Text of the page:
Although Roxy Music had been successful in their native England for several years, they didn't make a dent in the American charts until they released their fourth album, Country Life. Lead singer Bryan Ferry had ventured to Portugal in order to clear his mind and write songs for the album. He met two German models, Constanze Karoli (cousin of the late Can guitarist Michael Karoli) and Eveline Grunwald, at a club and struck up a friendship with them. After several days of socializing, he asked them if they'd be willing to pose for an album cover he had in mind. His idea was to portray the antithesis of Britain's stodgy Country Life magazine, which usually featured top-hatted men hunting foxes on the cover. The two women eagerly shopped for some lacy lingerie and then posed in a garden lit only by the headlights of the photographer's car. The resulting cover was a sensation throughout Europe, but the scantily clad duo ended up being replaced by extra pine needles on the U.S. version of the album.

Sticky Fingers – The Rolling Stones

Sticky Fingers was the first Stones album released in the 1970s and also the first on their new eponymous record label. The original cover art was extremely innovative for 1971, and pretty much unthinkable in today's era of CD packaging. The band enlisted Andy Warhol to act as art director, and he came up with the idea of a photo of a close-up of a jeans-clad male crotch. Original pressings of Sticky Fingers had a working zipper on the cover that revealed white briefs underneath. That 3D version of the cover was replaced with a photograph after record stores complained that the zipper was scratching the covers of the other albums in standard sales bins.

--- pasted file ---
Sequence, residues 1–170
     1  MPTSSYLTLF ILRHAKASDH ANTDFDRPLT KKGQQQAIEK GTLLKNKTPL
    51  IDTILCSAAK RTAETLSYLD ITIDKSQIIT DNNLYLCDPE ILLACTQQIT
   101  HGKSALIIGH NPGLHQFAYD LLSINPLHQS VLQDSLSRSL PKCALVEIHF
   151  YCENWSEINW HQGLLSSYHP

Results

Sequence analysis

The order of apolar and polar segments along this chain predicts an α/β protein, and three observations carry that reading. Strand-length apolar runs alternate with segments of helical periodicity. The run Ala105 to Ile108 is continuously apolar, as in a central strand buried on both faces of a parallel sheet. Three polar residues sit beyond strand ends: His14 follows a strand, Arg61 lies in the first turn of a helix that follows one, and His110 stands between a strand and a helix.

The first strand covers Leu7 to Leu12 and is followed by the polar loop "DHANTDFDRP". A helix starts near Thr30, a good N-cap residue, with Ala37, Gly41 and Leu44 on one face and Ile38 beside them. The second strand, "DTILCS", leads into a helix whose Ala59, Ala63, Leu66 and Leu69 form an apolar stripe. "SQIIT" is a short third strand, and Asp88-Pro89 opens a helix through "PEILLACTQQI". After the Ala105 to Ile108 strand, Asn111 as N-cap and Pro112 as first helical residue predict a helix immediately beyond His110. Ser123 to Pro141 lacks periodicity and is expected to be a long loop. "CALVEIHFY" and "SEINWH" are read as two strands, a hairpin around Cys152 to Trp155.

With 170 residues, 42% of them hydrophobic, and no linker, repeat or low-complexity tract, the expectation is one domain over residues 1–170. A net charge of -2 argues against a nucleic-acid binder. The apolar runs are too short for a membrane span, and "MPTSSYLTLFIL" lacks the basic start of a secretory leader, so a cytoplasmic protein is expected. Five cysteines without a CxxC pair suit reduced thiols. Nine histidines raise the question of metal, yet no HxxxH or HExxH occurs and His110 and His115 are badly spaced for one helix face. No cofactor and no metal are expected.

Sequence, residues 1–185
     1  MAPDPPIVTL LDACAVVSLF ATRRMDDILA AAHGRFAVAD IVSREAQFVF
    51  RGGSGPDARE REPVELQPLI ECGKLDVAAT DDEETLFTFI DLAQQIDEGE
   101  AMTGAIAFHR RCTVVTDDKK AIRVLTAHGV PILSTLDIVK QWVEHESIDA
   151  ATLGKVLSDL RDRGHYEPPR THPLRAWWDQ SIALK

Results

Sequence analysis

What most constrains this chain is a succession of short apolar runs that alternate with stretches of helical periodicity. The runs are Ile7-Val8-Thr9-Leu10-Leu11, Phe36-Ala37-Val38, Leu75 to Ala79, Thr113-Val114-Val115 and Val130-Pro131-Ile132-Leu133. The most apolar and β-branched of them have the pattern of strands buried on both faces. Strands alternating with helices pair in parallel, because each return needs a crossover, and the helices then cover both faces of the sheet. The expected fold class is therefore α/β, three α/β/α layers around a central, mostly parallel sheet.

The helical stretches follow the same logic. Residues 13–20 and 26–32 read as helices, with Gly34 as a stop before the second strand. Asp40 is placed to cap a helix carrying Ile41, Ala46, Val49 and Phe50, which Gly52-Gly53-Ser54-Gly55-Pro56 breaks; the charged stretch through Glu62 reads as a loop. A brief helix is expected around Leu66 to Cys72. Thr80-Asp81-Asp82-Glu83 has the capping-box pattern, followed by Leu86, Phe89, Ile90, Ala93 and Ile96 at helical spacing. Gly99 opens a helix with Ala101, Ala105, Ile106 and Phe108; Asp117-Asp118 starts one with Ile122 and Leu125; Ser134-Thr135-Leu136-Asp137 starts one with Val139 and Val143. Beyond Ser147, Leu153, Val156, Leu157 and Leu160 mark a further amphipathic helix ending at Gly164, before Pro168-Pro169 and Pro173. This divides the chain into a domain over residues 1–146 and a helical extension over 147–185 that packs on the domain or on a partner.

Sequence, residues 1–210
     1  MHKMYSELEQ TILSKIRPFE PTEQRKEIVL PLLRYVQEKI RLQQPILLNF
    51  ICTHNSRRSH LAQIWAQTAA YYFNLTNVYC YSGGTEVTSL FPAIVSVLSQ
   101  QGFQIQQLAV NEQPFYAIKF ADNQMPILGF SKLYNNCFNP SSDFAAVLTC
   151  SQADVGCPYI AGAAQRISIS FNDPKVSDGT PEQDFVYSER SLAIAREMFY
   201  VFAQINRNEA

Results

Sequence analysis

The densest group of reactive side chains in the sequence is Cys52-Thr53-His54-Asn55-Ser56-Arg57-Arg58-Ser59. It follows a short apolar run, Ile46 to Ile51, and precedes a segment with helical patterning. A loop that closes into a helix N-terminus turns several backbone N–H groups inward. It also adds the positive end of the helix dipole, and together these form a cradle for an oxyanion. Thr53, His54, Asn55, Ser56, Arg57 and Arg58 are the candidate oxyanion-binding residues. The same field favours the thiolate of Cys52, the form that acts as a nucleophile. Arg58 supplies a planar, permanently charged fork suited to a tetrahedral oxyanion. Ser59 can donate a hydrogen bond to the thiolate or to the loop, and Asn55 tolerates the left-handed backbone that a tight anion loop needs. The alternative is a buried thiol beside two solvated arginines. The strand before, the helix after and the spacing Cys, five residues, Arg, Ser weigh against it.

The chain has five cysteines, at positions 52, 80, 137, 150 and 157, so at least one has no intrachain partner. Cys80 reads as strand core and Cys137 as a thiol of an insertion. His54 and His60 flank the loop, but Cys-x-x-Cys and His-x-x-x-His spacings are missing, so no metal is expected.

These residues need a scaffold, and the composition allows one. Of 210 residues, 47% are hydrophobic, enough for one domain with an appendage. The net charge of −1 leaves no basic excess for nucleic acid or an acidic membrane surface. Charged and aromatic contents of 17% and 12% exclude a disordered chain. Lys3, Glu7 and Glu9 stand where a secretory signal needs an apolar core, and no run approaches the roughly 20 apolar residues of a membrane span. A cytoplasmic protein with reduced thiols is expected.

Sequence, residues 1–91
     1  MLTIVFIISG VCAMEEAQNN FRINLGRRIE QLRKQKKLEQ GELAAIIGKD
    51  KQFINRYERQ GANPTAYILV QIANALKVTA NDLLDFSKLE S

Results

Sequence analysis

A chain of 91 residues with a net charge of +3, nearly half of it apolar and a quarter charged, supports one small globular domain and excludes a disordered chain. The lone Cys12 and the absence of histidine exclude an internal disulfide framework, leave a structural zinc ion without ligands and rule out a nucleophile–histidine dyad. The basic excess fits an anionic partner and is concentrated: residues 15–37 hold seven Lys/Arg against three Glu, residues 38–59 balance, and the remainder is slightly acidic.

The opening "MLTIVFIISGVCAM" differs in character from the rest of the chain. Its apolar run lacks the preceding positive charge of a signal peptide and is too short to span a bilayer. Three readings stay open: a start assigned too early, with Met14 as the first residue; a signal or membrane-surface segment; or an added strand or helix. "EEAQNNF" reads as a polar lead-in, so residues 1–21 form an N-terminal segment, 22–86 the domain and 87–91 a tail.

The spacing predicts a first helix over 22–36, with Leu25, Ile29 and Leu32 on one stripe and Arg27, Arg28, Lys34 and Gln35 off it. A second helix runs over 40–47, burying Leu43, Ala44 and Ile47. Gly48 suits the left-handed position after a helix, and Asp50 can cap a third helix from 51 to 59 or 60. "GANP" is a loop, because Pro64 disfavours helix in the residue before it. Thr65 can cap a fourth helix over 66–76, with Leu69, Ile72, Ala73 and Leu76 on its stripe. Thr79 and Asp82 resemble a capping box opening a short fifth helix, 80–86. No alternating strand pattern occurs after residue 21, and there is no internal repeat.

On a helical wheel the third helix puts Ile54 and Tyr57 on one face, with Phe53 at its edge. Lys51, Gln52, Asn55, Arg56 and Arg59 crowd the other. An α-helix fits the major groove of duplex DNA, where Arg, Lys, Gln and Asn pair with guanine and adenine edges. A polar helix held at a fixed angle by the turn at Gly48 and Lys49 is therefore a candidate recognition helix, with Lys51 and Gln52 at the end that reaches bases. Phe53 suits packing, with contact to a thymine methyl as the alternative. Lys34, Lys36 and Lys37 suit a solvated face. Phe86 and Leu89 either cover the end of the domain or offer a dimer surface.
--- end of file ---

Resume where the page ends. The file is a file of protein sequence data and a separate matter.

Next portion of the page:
That famous bulge, by the way, belonged to Joe Dallesandro, who had been working as a street hustler since his teens when he happened to meet Andy Warhol. Dallesandro became one of Warhol's factory superstars and appeared in several of the artist's underground films. That particular photograph wasn't posed specifically for the album cover; it just happened to be among a series of pictures Warhol had snapped of Joe in a pair of tight-fitting jeans. Today Dallesandro (at left), who identifies as bisexual, manages a hotel in Hollywood with his third wife.

Candy-O – The Cars

Dave Robinson, the drummer for the Cars, was also the band's artistic director. He was a great fan of the famous pin-up posters drawn by Alberto Vargas; when it came time to design the cover for the band's Candy-O album, Robinson contacted the 83-year-old artist and convinced him to come out of retirement. (As it turned out, Vargas' great-niece was a big Cars fan and she urged him to agree to the project.) Vargas needed a photo from which to work, so a leggy model named Nancy Beth was chosen to pose on the hood of a 1972 365 GTC/4 Ferrari at a dealership in Beverly Hills. Beth had second thoughts about appearing semi-nude in record stores at the last minute, however, so another model, Candy Moore, stepped in and loaned her face to the mix. The resulting cover was completely hand-drawn, with no air-brushing, but Elektra execs did insist on a do-over after the first drawing was submitted. They wanted the model to be, er, less anatomically detailed, which is why the girl on the cover appears to have been born without nipples.

Honey – The Ohio Players